I thought the 3d basecamp 2018 model garden were a really good idea, with everyone submitting models and then having them all shown off on display. I’d certainly be up for more of that in the future. I do mean to get myself a 3d printer, although knowing how much I like to tinker I don’t think I’ll leave it alone when I eventually do.
In the meantime I’ve just had a little play at making a display of my own from a selection of the models shared. I rendered on medium+ settings in Twilight. I used a “flat plastic” material for the models and used a “rayman boxlight” spherical sky for the environment.
This is a little instructional document I’ve started to work on. It’s basically to convey the idea of how particular CNC machine tooling configurations work. This particular configuration has a 10 position tool magazine for the main spindle and 5 vertical, 4 horizontal drills.
Often the config needs changing in some way or other. Unless you are very familiar things can get a little confusing, especially when there are RH and LH drills and those drills require corresponding RH and LH threaded bit holders. I already have some basic “circle” images of this but they are not very thorough. I’m going to send this model to LayOut and then add text instructions and tables of the different tools that can be used. I’ll stick it on the machine and the idea is that anyone can become familiar with the setups quickly and easily, with a bit of luck that is.
I eventually got round to actually remembering to collect the sheets that had the information on that I needed to complete the document. This (oh dear) were printed by someone many years ago, as you can see time has taken its toll along with many modifications, it hasn’t been kept up to date well and leaves a lot to the imagination…
These pencil sketches remind me of a few months ago when I sent a lady some model images for some marketing material. She showed me the output and basically she’d tore them apart! She’d very neatly and cleverly combined several images and made them look like vintage plans using Photoshop I think, I weren’t quite expecting that.
It inspired me to have another tinker with the profile tool and Layout to see what I could come up with. I started with my basic template but simply inserted an “old paper” image and put it on a layer at the bottom of the stack to make sure everything showed on top. I sorted the viewports and added some dimensions but not overly detailed though.
I exported a JPEG from LO and put that into Fotosketcher. I desaturated the original image and then ended up choosing a vintage effect with a few alterations to the basic settings…Ah the date has given the game away, nevermind…
I had another go with SubD to try something more with the octopus type idea. This one has strange protruding eyes just for trial purpose and suckers on the tentacles.
I learned a lot with this one, especially not to draw circles for SuBD where possible. I initially drew circles for the suckers and my computer didn’t take it very well when I used SubD on it. I went back and replaced the circles with rectangular shapes instead, they worked much better.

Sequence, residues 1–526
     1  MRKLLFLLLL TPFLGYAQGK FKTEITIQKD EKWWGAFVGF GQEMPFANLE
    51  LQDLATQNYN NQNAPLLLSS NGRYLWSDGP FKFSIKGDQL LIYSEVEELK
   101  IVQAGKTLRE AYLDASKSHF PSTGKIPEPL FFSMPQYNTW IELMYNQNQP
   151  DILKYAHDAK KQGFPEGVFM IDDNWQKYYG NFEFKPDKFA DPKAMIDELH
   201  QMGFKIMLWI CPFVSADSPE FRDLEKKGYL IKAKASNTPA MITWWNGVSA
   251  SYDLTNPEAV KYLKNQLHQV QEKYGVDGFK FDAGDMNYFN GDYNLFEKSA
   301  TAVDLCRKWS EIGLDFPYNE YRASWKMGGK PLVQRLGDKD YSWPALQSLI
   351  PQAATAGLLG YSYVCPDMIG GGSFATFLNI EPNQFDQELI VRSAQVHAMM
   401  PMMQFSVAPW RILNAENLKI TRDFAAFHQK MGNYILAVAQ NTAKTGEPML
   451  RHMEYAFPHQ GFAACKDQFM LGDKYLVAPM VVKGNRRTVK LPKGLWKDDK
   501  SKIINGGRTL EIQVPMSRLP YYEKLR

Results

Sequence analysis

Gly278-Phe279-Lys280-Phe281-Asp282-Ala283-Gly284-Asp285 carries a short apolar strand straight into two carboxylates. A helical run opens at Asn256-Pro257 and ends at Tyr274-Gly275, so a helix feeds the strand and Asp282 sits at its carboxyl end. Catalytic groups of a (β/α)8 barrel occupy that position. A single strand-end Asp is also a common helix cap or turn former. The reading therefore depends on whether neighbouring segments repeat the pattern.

I also painfully found that if you texture a non-SubD face, the texturing is lost when you apply SubD and so have to apply it again, Unless I did it wrong.
This is the initial model before SubD, its the same process as my last post really, just with more detail added. I put some articulation in the legs this time too…
I see stuff from Cotty and Box all the time that looks really good. I just went and bought it from “The Evil Software Empire” (which were an odd transaction) for 32 quid. There is a free trial too.
It’s simple to use really, you just have to kinda think “what’s roughly that shape, but a squared version” and model that. SubD takes care of the rest. You can go back and adjust the original at any time too which is good. It’s a nice tool to have.
@IanT the material shouldn’t go away when you SUBD. That is one of highlights, it is uv mapped. I’m on my phone at the moment so can’t shoe you what I mean. But make sure you paint the faces not the group.
This has been bugging me all day why that happened, I did find it strange and I am glad it isn’t the norm. When I think back, the texture were kept when I applied SUBD and were actually lost when I turned SUBD off to make some further adjustments. At first I just thought it were taking a little time, but nothing happened. I then thought “shaded with textures” weren’t checked, but that were fine.
At that time it were the “circle sucker” version that were bringing death to my system, so I were having trouble that way too. But I don’t think that had much to do with it, I did however redo it for a square sucker one, I thought it would be quicker than trying to remove all those circular parts.
I now see that the current “square sucker” version, does in fact retain the material when SUBD is turned back off, I didn’t want to try it again yesterday. (Colours definitely applied to faces in this one).
Left to right…Before SUBD/With SUBD/SUBD turned back off…The “colours” remain…(phew)
Yes it is, this stuff is all new to me so I thought I’d share a little of my goings on as I go. The whole quad modelling/ SubD stuff seems like some sort of wizardry to me, but I thought I’d start to try to understand a little at least.
As an addition to your example: with the last line, you’ve created an internal face, here you can see the difference with or without that face…
(Edit: You can get the same result without the face but with using the crease tool of SubD.)